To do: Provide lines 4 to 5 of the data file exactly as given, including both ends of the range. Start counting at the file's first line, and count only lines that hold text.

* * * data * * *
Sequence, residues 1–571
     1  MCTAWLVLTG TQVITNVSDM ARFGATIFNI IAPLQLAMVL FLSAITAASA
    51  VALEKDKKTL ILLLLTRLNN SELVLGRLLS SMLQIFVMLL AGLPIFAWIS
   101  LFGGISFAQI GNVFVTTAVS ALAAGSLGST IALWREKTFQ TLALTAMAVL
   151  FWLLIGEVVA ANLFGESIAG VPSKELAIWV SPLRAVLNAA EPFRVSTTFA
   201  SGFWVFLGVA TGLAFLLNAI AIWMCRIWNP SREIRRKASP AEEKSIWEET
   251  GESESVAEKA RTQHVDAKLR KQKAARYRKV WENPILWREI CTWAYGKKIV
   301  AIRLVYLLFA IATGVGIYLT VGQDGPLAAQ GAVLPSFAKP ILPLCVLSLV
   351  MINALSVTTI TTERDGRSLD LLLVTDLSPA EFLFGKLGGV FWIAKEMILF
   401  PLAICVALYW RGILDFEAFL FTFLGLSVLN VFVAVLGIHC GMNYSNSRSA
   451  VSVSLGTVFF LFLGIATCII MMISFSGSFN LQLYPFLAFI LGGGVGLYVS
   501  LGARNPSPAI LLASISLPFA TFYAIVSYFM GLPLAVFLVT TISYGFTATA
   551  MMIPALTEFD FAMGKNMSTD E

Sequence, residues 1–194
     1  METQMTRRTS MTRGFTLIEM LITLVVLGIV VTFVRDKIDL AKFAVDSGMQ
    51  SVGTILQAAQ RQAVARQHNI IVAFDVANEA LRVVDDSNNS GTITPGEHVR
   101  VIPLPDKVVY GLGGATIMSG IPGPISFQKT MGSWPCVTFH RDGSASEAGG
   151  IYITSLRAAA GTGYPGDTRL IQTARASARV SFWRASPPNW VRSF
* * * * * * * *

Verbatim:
   101  LFGGISFAQI GNVFVTTAVS ALAAGSLGST IALWREKTFQ TLALTAMAVL
   151  FWLLIGEVVA ANLFGESIAG VPSKELAIWV SPLRAVLNAA EPFRVSTTFA